The Women’s Commission for Refugee Women and Children visited 10 refugee camps in eastern Chad in January 2005 as part of a three-week mission to examine the protection of adolescent girls, with a particular focus on education and reproductive health in the camps. This 48-page document is a report of their findings and includes recommendations for action.
“Don’t Forget Us”: The Education and Gender-Based Violence Protection Needs of Adolescent Girls from Darfur in Chad

This document describes experiences, barriers and fears of many immigrant victims of domestic violence, sexual assault and stalking when accessing the U.S. civil and criminal justice systems. It also provides an overview of the immigration system and laws.

Realities for Immigrant Populations: How they Experience the System

This report offers an overview and evaluation of a bystander intervention program as well as implications and future directions for research in this area.

Rape Prevention Through Bystander Education: Bringing a Broader Community Perspective to Sexual Violence Prevention

This report presents information on the consequences of rape and sexual assault for female victims. The study provides the percentages of completed rape, attempted rape, and sexual assault of females that were reported to the police in 1992-2000. The report provides the percentage of victims that were injured and treated from a completed rape, attempted rape, or sexual assault. It presents the percentage of those who reported to the police, and the percentage of those victims who received treatment and whose victimization was reported to the police.

This resource provides information on Public Law 280, a substantial transfer of jurisdiction from the federal government to the states in Indian Country and its impact on victims of crime.

Public Law 280: Issues and Concerns for Victims of Crime in Indian Country

This report explains the laws enacted in different states to afford victims of crime privileged communication with their counselor.
 
Privacy of Victims’ Counseling Communications

In April 2007, WHO held an expert meeting on preventing intimate partner violence and sexual violence. WHO produced a background paper for the meeting. The paper explores what can be done to prevent violence against adolescent and adult women that occurs within intimate relationships, and sexual violence that occurs outside intimate relationships.

In a public health framework, primary prevention means reducing the number of new instances of intimate-partner violence and sexual violence by intervening before any violence occurs. Program and research in primary prevention has lagged efforts in secondary and tertiary prevention, which focus on people who are at risk or already have suffered violence. This background paper helps to close that gap and is the basis for a guideline on intimate partner and sexual violence prevention currently being prepared by WHO, CDC, and the London School of Hygiene and Tropical Medicine.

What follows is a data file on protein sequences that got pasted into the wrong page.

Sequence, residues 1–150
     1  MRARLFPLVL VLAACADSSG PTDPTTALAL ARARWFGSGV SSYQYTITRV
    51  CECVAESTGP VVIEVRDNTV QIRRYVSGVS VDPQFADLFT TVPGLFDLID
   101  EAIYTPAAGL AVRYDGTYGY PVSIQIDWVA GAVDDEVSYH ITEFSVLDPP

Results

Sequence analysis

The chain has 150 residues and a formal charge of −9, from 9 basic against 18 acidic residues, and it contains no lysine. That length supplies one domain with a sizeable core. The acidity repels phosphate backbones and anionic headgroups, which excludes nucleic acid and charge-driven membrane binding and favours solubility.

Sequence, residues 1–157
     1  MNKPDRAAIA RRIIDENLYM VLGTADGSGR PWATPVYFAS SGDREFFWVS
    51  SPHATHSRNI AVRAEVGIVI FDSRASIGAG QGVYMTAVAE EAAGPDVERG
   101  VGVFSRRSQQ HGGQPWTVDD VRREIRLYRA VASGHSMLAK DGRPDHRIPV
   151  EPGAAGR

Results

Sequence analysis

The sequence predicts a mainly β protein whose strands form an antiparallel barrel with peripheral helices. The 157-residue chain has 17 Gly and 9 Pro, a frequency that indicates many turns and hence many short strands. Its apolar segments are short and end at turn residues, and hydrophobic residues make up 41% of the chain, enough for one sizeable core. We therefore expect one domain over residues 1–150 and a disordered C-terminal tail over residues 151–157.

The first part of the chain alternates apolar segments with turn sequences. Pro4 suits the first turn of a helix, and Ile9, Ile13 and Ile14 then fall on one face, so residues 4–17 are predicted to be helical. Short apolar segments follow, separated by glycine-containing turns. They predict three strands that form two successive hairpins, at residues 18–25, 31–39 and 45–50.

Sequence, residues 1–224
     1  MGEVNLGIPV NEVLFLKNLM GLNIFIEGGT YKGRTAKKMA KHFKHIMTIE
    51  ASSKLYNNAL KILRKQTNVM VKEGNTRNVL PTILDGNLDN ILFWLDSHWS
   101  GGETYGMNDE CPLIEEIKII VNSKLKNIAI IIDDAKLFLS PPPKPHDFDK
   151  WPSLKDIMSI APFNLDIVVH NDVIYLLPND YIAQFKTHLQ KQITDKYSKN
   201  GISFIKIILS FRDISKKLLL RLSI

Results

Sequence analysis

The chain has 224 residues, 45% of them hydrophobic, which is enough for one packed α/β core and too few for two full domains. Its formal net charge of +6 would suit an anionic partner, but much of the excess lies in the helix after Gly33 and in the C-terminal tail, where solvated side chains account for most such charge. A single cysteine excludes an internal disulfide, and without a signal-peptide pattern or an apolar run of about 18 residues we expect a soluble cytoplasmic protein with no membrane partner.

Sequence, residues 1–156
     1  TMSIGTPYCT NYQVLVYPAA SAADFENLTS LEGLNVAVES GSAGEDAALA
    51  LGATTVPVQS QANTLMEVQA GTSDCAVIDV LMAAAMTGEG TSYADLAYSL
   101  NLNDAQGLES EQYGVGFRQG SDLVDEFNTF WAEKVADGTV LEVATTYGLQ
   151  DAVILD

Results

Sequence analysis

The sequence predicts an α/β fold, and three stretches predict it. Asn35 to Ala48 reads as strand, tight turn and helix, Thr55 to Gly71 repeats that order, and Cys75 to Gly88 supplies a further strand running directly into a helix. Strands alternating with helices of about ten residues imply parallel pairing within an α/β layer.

Primary prevention of intimate-partner violence and sexual violence: Background paper for WHO expert meeting May 2–3, 2007

Targeted towards development assistance agencies, United Nations organizations, governments and nongovernmental organizations, the document highlights how the health, psycho-social, and economic consequences of violence impede development.

It identifies the gaps - and the many strengths - in current development agency violence prevention priorities and proposes a strengthened agenda for more effective violence prevention. It also puts forward concrete proposals to build up the institutional foundations necessary for violence prevention at both national and international levels.

Preventing violence and reducing its impact: how development agencies can help

In the weeks immediately following Hurricanes Katrina and Rita, a group of professionals from the fields of rape victim advocacy, law enforcement, emergency medicine, and prosecution began work on developing an anonymous database to measure the extent of sexual violence committed in the aftermath of these hurricanes. This preliminary report is based on the first six months of data collection.

This report includes findings from a national needs assessment that was conducted in 2005 with support from the Office for Victims of Crime. The goals of the survey were to (1) record the organization and administration of Sexual Assault Response Teams (SART) nationally as an introductory “portrait” of collaborative responses and (2) collect data about SART training and technical assistance needs for inclusion in a forthcoming National SART Toolkit.

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